We are all consumers, and as consumers, we all like to be treated well. But, as much as we want to receive superior service, at times it can be difficult to provide the same standard of service to our clients, especially if our idea of exemplary service differs from those who are on the receiving end.
Ben Franklin, a Founding Father and an entrepreneur, had much to say about the importance of customer service. “Endeavor to be as much in your shop, or in whatever place your business properly lies, as possibly you can. Your presence may prevent the loss of a good customer.”
While in 1749 he may have meant this literally, in today’s culture there may be many people representing your brand and, as owners, it’s impossible to be everywhere at the same time; therefore, it’s imperative that your employees know the level of service you expect for your customers.
While hiring enough people to accomplish the work of a business is crucial, even more important is the training for these individuals. And one of the most important aspects of training should be customer service. As everyone’s view of great service differs, corporations have differing views on what’s best for their client experience. Your company should have a standard policy in place - from the CEO to the newest hire, everyone should be offering the same level of service. And it starts at the top. As owners of our businesses, it’s imperative we lead by example and provide a manual that outlines the customer service process.
Your clients will come to know what to expect from your company, and as word gets out about their great experience, your brands’ reputation will increase. This is what separates average companies from the truly outstanding ones.
Here are some examples of corporations that exemplify the best in customer service.
The Ritz-Carlton’s three steps of service are simple – greeting each guest upon their arrival, anticipating/fulfilling their needs and a fond farewell. The key component is anticipating, and then fulfilling, guest needs. Something as simple as mailing an overseas letter for the guest (at no charge) provides an inclusive atmosphere. Guests go from strangers to family, and will likely return again to spend time with their family. The company’s credo states “. . . The Ritz-Carlton experience enlivens the senses, instills well-being, and fulfills even the unexpressed wishes and needs of our guests.”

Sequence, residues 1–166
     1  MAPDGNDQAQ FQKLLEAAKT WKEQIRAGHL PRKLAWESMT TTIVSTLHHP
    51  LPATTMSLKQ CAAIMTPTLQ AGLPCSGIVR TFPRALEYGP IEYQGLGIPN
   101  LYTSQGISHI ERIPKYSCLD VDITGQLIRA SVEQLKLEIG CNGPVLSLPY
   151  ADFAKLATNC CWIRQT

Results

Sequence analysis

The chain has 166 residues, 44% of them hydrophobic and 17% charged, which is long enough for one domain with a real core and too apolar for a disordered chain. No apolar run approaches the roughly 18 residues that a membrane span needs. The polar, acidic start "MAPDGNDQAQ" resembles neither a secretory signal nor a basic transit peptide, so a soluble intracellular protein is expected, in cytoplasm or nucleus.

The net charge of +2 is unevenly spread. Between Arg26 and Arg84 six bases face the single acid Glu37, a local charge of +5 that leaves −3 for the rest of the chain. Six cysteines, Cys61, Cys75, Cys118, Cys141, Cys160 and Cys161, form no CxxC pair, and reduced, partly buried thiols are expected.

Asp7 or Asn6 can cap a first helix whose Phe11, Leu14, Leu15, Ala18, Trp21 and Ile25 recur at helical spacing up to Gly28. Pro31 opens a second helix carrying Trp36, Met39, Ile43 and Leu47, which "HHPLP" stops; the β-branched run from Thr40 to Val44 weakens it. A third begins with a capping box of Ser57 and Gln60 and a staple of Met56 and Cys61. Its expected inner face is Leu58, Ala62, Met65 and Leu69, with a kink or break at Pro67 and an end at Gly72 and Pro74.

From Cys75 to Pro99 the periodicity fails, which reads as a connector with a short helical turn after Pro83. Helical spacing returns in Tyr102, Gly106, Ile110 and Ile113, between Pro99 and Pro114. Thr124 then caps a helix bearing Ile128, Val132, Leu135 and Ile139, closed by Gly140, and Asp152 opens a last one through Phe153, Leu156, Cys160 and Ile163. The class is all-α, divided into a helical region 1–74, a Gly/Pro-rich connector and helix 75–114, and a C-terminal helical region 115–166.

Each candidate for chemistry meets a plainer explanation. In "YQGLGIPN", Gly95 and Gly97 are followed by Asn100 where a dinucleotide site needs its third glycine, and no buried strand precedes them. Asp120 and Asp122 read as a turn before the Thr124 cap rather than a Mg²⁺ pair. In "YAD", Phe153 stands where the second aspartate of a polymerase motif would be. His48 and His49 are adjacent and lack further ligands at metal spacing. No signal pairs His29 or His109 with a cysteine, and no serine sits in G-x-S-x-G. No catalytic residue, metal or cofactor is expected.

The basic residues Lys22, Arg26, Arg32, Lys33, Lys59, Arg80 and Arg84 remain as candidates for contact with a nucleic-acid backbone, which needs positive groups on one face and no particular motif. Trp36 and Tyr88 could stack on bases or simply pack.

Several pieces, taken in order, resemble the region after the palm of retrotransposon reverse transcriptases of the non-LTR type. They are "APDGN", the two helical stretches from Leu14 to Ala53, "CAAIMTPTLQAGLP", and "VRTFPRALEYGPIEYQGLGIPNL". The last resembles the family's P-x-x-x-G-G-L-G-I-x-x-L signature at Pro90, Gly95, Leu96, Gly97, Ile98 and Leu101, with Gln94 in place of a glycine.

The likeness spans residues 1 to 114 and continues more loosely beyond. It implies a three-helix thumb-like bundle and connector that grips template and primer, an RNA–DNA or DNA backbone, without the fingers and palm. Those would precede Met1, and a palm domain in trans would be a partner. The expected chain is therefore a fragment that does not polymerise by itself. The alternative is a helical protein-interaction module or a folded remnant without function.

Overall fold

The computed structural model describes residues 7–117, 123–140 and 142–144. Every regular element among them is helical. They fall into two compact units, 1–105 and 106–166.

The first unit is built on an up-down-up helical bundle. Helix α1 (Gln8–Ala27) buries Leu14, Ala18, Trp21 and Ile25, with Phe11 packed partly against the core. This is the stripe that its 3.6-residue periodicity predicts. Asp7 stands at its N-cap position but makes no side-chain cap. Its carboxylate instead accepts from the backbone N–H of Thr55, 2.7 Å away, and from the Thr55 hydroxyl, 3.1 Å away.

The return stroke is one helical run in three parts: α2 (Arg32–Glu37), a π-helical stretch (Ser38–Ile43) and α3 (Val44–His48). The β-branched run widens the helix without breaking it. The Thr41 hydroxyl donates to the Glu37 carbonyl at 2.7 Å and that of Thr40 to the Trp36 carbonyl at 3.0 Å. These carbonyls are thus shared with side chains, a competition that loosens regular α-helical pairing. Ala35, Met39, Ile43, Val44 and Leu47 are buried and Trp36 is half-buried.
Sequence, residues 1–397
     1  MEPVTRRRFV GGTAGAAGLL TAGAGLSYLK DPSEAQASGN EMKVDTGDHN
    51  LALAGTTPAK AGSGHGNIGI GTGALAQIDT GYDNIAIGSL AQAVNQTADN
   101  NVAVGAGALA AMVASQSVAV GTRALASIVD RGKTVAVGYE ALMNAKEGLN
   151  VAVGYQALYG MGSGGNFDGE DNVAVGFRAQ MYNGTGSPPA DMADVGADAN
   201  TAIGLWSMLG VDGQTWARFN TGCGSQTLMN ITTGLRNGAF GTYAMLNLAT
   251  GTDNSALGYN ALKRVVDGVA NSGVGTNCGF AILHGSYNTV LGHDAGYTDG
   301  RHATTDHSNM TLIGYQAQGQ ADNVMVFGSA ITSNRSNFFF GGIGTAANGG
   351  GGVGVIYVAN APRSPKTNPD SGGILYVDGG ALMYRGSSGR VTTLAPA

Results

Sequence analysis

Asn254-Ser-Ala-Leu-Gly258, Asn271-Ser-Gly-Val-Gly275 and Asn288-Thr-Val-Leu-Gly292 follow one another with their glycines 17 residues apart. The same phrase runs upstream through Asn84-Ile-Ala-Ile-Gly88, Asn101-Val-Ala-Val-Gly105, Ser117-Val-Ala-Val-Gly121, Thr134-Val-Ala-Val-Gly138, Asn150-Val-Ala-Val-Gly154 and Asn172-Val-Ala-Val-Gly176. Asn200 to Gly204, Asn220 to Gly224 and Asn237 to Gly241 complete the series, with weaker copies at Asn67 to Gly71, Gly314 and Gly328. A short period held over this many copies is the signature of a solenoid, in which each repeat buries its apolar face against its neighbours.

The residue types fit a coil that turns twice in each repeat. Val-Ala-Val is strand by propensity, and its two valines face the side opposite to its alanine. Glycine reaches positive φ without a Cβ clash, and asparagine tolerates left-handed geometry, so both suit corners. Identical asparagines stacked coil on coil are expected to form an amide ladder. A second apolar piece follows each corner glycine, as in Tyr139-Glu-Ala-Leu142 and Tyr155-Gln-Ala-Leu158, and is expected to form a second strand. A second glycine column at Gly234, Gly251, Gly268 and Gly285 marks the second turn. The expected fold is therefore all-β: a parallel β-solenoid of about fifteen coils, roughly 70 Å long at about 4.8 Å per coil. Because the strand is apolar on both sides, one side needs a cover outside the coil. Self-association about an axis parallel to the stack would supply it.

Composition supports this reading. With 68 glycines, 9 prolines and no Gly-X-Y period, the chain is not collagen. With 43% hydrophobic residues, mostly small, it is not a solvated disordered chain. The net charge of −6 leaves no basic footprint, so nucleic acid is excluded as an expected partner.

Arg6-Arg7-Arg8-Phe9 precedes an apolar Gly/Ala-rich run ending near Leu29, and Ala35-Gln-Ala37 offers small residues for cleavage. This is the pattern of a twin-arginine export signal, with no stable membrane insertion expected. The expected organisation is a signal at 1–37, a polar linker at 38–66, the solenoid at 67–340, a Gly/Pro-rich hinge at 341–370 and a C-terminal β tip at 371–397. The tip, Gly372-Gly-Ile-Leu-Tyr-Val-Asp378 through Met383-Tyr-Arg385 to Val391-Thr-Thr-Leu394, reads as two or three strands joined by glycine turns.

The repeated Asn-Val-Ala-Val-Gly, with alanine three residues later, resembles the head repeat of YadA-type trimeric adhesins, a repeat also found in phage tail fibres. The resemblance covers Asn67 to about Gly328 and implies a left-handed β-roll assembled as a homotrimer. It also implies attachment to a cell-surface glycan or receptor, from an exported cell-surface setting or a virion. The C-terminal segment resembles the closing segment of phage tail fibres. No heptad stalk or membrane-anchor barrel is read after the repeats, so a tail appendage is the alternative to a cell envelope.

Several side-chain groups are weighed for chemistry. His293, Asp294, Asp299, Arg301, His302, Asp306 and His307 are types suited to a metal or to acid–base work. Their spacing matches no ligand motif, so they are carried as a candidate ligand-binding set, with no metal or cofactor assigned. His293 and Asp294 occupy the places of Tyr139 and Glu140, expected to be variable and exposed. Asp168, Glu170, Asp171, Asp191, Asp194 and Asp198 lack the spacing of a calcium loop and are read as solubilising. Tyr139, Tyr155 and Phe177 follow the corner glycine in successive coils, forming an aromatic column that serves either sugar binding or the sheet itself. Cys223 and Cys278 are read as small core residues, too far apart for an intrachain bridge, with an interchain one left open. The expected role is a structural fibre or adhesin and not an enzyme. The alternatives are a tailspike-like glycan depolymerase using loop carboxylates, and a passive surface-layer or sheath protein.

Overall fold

The lesson: Going above and beyond provides a great experience and opens the door to future business.
When asked why his employees are so nice, Dan Cathy, President and COO of Chick-fil-A, says “Every life has a story, and often our customers and our employees, need a little grace and a little space when you deal with them because they are either experiencing a problem, just finished having a problem, or are about to have one.” Keeping this in perspective, Chick-fil-A employees offer the same service, regardless of the interaction with their customers, with a smile and a “My pleasure.” Additionally, Chick-fil-A’s store operator turnover rate is less than 5%, while the industry average is 35%. The reason is simple – the training program goes beyond the four walls of the business. Employees are encouraged to invest in their future, and Chick-fil-A provides scholarships and development programs.
The lesson: Strive to treat others as we would ourselves. Encouragement within the company builds self-esteem, and fosters loyalty among the employees.
The Walt Disney Company
When Disneyland opened in 1955, at the first orientation – employees learned that they were not just employees, but they were an integral part of the guest experience. Disneyland was the stage, the attendees the guests, and as “cast members”, each employee played a specific role, with a premium on guest service. The service vision was simple: “We Create Happiness.” As Walt himself said, “You can design and create, and build the most wonderful place in the world. But it takes people to make the dream a reality.” He knew it would take everyone to provide the ultimate guest experience. And everyone, from the boardroom to the bathroom, is integral to the overall experience. After Walt’s passing in 1966, the program was evolved to share company history. Known now as “Traditions”, every new hire spends their first day learning the “Disney way.”
Additionally, The Walt Disney Company’s guest service experience is so highly-regarded that they offer training programs for corporations through Disney Institute.
The lesson: Using a common script, all employees play an active role in a client experiences. Offer training and guidelines, providing employees with the foundations and principles on which the company was founded. And create happiness.
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